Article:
Thievery and church roofs



The Church of England has been experiencing a rash of property crimes against some of its most expensive assets – its oldest buildings. Thieves have been nicking off with the lead from the roofs of parish churches, abbeys and cathedrals across the country.

So, to limit the ability the thieves have to get money for the lead their stealing from scrap dealers, the roofs are being painted with a special paint containing special micro particles. Each roof gets a paint with a unique chemical signature.

Tracking the lead becomes a simple matter and should stop the lucrative trade that thieves have been taking advantage of recently.

It’s not a trivial problem:

“Church insiders say the financial impact of such thefts has been severe. Individual insurance claims often exceed £100,000, despite the value of the lead stolen being a fraction of that, because of the further damage done by thieves as they rip off the metal.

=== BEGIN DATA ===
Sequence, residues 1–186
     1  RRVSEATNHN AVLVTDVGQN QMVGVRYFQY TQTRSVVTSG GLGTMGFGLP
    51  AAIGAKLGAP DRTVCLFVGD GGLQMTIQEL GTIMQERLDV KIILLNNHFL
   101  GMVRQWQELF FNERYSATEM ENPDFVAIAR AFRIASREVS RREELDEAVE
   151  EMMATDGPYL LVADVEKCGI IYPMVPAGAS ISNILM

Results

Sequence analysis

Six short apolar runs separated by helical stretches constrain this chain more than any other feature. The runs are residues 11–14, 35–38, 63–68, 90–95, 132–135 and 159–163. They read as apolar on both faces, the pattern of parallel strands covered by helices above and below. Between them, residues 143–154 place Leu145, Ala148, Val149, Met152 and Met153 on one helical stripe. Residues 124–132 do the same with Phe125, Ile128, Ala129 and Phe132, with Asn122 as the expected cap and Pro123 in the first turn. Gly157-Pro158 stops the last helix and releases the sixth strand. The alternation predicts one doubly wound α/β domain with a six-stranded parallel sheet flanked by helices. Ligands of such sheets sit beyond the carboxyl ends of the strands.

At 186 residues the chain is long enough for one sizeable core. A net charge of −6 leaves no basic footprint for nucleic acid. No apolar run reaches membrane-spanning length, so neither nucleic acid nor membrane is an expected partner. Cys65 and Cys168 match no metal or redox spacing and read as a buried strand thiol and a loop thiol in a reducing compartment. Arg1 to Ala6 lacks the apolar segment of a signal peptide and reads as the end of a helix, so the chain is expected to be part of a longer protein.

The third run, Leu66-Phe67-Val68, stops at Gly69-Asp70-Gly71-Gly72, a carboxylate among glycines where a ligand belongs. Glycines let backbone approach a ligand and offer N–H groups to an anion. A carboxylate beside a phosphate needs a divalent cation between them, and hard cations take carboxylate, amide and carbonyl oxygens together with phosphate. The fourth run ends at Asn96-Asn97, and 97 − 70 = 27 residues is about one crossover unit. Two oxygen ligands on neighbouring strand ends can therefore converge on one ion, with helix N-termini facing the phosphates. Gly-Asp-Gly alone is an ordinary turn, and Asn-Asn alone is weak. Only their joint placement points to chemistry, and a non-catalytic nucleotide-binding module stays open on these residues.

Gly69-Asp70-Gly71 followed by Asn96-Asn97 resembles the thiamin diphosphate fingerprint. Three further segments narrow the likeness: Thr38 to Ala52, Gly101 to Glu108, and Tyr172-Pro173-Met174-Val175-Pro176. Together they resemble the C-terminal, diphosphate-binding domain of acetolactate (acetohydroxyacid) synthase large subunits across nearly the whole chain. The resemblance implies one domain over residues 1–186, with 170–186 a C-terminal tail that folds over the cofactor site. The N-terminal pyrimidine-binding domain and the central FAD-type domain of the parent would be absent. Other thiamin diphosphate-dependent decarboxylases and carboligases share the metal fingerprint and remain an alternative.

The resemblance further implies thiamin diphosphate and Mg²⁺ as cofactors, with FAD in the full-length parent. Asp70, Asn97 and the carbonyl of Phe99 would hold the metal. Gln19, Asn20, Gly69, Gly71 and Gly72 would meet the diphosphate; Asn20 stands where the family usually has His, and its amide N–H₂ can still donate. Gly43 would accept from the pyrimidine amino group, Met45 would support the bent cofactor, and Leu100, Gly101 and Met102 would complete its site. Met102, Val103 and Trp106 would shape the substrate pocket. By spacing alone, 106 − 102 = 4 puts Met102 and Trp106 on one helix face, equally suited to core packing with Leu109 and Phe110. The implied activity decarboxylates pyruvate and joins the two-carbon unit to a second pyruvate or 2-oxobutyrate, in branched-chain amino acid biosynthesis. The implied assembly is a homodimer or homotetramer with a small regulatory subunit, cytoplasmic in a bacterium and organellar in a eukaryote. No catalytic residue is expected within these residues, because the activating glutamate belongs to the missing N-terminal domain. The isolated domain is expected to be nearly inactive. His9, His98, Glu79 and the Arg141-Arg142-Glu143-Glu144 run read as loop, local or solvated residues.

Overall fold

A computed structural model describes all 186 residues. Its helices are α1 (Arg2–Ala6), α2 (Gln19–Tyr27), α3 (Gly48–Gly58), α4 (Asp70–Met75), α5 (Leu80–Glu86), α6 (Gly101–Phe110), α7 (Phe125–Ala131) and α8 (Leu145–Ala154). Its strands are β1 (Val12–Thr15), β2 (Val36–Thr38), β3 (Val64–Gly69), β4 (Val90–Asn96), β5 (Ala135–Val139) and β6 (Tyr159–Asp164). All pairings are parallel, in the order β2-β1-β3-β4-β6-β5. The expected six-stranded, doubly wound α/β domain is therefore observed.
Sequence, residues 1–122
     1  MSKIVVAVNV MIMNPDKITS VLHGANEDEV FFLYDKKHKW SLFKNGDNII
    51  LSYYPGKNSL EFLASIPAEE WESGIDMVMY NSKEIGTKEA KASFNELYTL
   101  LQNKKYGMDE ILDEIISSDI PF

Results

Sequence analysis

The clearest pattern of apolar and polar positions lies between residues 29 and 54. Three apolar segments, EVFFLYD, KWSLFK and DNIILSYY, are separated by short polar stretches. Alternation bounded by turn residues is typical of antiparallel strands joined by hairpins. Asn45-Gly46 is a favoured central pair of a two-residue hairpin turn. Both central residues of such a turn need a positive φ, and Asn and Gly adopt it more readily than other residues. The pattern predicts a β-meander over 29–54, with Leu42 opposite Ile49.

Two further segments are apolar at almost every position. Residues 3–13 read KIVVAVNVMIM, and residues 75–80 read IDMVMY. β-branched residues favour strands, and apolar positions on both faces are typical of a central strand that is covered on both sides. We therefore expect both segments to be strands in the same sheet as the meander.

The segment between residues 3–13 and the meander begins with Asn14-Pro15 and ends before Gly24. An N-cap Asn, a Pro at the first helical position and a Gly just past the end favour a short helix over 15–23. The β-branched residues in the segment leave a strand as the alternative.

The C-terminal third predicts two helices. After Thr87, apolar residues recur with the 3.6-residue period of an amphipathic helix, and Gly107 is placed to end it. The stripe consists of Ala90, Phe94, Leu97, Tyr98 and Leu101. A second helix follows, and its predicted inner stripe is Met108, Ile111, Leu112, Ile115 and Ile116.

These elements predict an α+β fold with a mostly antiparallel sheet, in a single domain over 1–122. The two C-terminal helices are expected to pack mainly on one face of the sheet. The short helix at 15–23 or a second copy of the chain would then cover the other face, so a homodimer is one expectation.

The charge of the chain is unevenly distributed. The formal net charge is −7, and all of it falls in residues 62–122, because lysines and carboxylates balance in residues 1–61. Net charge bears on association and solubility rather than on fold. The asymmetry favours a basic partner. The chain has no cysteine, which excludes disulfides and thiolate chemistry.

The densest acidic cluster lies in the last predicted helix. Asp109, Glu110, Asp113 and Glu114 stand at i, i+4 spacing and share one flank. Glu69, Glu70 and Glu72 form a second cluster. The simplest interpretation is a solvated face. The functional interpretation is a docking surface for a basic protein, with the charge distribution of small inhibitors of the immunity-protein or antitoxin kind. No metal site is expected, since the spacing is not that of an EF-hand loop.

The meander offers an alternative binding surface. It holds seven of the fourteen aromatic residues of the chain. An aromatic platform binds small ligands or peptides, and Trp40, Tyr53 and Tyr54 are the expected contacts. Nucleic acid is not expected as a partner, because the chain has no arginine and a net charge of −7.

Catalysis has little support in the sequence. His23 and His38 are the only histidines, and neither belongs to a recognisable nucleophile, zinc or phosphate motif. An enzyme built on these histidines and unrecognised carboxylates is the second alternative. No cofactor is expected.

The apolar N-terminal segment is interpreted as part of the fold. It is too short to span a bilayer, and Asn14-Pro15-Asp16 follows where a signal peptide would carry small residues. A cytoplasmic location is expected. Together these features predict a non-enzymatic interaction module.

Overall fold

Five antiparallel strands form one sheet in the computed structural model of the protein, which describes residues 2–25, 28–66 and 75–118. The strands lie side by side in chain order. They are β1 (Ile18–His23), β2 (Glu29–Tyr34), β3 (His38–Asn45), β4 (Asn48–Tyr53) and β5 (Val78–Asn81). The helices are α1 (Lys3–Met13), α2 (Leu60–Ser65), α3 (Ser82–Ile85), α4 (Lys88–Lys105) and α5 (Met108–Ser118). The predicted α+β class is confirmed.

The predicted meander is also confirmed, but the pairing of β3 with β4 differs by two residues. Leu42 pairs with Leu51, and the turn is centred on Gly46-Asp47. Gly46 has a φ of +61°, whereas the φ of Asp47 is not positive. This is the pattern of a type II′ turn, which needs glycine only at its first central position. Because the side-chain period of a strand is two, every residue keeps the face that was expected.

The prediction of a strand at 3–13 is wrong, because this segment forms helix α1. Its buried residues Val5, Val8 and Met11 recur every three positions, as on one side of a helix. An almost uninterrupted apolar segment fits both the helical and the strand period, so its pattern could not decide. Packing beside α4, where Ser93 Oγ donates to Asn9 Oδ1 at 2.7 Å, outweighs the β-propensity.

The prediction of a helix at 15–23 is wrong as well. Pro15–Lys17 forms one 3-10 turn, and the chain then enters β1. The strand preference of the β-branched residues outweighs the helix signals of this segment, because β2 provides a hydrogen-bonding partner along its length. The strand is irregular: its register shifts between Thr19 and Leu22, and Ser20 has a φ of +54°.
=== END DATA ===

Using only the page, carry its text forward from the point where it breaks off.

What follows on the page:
The demand for scrap is driven by world prices. Those for lead and copper soared to record levels last year with scrap lead peaking at £1,300 a ton. Metal prices fell when the recession hit, but are now picking up again strongly.

Most churches are insured by Ecclesiastical Insurance, which is so concerned at the losses that it recently sent every church a SmartWater kit and warned vicars and bishops it would pay out no more than £5,000 if they failed to use it on their roofs.

A spokesman for Ecclesiastical Insurance said metal theft had become the number one reason for claims.”

Read the full article here.

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3 Responses to "Thievery and church roofs"
  1. Ecclesial Insurance is running an "ecclesial deficit."

    I believe we have traced the origination of the term, and it has nothing to do with church polity.

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